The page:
As promised, the vault jumps forward in time to a movie that’s all about traveling to the not-do-distant future. This little Spanish film, originally known as Los cronocrímenes, bounced around the festival circuit in 2007 before gaining a limited theatrical release in the states in late 2008. Today it is our choice for the vault’s Attack the Queue! series.
Héctor (Karra Elejalde) returns from a shopping trip to his new home in the country. He tries to nap, but unable to, he sits in the backyard with his binoculars scanning the forest. It’s there he spots a shapely young woman (Bárbara Goenaga) taking off her top. With his wife Clara (Candela Fernández) gone shopping, Héctor decides to investigate further only to find the woman lying stark naked and possibly dead in a clearing. As he draws near, he is stabbed by an unknown assailant in a black trench coat with his face wrapped in pink bandages. Panicked and wounded, Héctor races through the woods coming upon a facility. There he encounters a young man (Nacho Vigalondo) who helps him hide from the lunatic… in the onliest of places!
Nacho Vigalondo, Héctor’s young savior, is also the writer and director behind los cronocrimenes, a.k.a Timecrimes. Timecrimes reminds me a lot of the Swedish film, Let the Right One In, but not in the way you might think. Both are foreign thrillers which received limited release at roughly the same time and I watched both at home and not in theaters. They are reminiscent of one another because, in both instances, I turned off the film feeling like I’d had a satisfying, but not overly remarkable cinematic experience, only to find within an hour or so, I could not stop replaying and analyzing the story’s particular in my mind. If there is ever a hallmark of a stellar film, it’s that you can’t just chalk it up to an entertaining experience; it demands you watch it again.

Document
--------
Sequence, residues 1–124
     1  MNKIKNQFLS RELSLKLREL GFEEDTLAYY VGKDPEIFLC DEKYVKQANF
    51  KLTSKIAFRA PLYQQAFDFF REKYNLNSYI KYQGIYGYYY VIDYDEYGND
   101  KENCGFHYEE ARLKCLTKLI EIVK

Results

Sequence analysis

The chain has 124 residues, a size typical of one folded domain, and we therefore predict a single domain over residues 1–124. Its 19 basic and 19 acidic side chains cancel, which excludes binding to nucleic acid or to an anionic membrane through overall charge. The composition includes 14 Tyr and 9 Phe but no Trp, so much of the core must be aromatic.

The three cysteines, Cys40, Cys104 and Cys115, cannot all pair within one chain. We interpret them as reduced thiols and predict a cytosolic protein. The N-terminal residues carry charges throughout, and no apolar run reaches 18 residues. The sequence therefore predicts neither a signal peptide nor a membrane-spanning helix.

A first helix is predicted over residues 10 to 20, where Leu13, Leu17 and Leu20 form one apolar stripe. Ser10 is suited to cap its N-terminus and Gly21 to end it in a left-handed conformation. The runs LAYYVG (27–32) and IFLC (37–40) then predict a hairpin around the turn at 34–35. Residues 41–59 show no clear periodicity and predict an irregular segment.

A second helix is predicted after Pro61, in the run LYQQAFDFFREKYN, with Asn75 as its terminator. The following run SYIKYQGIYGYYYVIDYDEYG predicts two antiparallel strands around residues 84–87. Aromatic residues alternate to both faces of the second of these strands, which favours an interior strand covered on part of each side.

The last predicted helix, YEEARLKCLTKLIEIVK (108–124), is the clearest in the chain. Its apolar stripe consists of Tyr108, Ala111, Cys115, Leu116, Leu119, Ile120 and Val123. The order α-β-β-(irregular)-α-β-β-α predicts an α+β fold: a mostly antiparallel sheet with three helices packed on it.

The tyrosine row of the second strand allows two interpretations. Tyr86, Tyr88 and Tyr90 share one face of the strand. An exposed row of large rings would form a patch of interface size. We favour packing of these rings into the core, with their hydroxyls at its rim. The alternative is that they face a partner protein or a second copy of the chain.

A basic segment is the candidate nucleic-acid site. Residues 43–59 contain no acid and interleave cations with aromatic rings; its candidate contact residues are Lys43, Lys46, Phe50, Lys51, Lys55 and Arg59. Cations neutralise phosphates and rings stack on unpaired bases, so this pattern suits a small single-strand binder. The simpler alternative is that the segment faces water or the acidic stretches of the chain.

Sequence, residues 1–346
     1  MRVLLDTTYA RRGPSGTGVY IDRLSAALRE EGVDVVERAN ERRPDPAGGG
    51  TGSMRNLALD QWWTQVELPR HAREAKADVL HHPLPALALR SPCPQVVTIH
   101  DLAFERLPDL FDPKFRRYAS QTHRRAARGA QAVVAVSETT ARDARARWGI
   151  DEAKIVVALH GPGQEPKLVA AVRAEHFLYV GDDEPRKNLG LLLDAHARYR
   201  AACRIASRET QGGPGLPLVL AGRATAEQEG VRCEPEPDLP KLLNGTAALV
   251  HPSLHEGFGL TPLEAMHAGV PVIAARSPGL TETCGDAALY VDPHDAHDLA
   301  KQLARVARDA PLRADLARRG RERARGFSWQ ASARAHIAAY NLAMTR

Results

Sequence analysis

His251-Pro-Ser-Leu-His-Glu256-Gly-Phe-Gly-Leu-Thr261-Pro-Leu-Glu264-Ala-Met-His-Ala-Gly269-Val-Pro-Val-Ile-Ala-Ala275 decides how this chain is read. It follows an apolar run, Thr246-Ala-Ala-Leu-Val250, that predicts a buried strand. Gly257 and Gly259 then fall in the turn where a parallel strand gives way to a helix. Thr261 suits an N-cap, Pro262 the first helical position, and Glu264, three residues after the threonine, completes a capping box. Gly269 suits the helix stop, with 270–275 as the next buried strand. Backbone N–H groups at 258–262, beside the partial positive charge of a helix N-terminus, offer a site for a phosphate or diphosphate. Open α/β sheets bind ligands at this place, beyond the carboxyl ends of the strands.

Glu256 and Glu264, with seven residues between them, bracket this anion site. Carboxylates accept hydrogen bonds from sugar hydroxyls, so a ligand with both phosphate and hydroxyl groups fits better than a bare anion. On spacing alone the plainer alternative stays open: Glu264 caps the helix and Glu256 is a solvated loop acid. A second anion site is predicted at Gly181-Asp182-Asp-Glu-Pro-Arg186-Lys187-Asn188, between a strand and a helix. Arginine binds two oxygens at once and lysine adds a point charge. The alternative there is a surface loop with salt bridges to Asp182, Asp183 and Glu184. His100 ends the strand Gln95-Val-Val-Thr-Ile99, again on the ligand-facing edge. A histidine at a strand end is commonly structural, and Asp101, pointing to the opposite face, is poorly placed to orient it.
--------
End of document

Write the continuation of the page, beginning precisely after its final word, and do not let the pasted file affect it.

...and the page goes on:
Being a time travel film, Timecrimes deserves at least a second viewing to validate Vigalondo’s ingenuity. A big flaw in time travel films is usually a storyteller establishes the parameters of how time travel works in their world, only to later bend or break those rules just to pull off some impressive spectacle. Depending upon your views of time travel, you might be tempted to question the puzzles Héctor’s story creates, but you can’t find fault with Vigalondo’s adherence to his time travel logic.
If you’ve seen Timecrimes, that may sound strange considering how perplexing our protagonist’s story is. The larger issue Vigalondo wants audiences to ponder isn’t a question of science, but of humanity. How Héctor behaves throughout his predicament is where the real debate lies.
I’m dangerously close to ruining this wonderful, thought-provoking film by blurting out all the details so I’ll stop while I’m ahead. I agree with what Kai said when he ranked Timecrimes third on his list, Kai’s Top 10 Time Travel Movies; you should know as little as possible before watching it. Like Goenaga’s alluring figure amidst the trees, I hope I’ve shown just enough to make Timecrimes too tantalizing to ignore.